Interview With Director Sean Byrne

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by: Jerry Smith

First winning genre fans over with his 2009 film, THE LOVED ONES, director Sean Byrne is set to return on March 17th with the heavy metal-filled, Satanic possession meets home invasion flick THE DEVIL'S CANDY. The film, which is set to be released to limited theaters, VOD and iTunes follows Jessie (CHEAP THRILLS' Ethan Embry), a metal-loving painter who has to fight to save his wife and daughter from various forces, both spiritual and physical. It's a wild ride, filled to the brim with one hell of a soundtrack and quite a few memorable performances.

 

We recently had a chat with Byrne to talk THE DEVIL'S CANDY, it's themes and his love for metal.

 

DCP:
There's an interesting light vs. darkness theme that's going on in THE DEVIL'S CANDY. What inspired you to take that approach?

 

Byrne:
It was partly inspired by what I didn’t want to do. As much as I love all the supernatural sub-genres, I’d seen enough of zombies and vampires to last me a while. I knew I wanted to explore a less overt and more personal supernatural struggle, harking back to classics like Rosemary’s Baby, The Omen, and The Shining but with a modern, metal edge. I just didn’t know what framework to use. Then my wife became pregnant with twins and I was gripped by this fear of bringing children into the world. Suddenly the world seemed a more dangerous place. It’s the job of a parent to preserve their child’s innocence, to protect them from the dark. So I guess in an allegorical sense Pruitt Taylor Vince's Ray character became representative of the dark and young Zooey, played by Kiara Glasco, became representative of the light. And Ethan Embry's Jesse, Zooey’s dad and hero of the story, symbolizes the struggle all decent parents face to make sure our children aren’t swallowed by the dark in its various forms.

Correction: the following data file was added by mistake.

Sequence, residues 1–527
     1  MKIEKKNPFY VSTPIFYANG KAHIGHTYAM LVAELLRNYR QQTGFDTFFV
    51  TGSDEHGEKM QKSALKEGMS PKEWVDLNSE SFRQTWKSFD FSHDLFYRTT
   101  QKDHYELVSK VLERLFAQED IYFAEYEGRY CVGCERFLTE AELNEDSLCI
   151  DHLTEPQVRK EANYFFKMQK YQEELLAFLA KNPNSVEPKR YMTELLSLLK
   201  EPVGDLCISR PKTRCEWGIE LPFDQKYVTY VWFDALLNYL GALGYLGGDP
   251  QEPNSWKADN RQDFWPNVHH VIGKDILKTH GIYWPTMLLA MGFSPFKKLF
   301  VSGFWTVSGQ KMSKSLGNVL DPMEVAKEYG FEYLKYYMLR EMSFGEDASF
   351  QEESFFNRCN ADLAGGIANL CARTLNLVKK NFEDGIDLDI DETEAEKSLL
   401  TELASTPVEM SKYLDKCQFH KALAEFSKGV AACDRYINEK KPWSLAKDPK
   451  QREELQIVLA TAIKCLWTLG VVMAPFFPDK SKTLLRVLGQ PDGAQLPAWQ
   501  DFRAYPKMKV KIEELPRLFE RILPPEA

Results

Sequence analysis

DCP: